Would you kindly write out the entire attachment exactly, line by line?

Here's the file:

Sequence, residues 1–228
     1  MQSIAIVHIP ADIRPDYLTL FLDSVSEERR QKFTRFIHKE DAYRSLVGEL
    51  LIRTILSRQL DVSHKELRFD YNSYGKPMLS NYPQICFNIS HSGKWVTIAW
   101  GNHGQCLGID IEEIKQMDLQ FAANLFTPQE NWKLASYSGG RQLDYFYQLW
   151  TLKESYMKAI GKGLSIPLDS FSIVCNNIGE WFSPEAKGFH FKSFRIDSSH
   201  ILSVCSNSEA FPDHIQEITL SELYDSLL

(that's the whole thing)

Sequence, residues 1–228
     1  MQSIAIVHIP ADIRPDYLTL FLDSVSEERR QKFTRFIHKE DAYRSLVGEL
    51  LIRTILSRQL DVSHKELRFD YNSYGKPMLS NYPQICFNIS HSGKWVTIAW
   101  GNHGQCLGID IEEIKQMDLQ FAANLFTPQE NWKLASYSGG RQLDYFYQLW
   151  TLKESYMKAI GKGLSIPLDS FSIVCNNIGE WFSPEAKGFH FKSFRIDSSH
   201  ILSVCSNSEA FPDHIQEITL SELYDSLL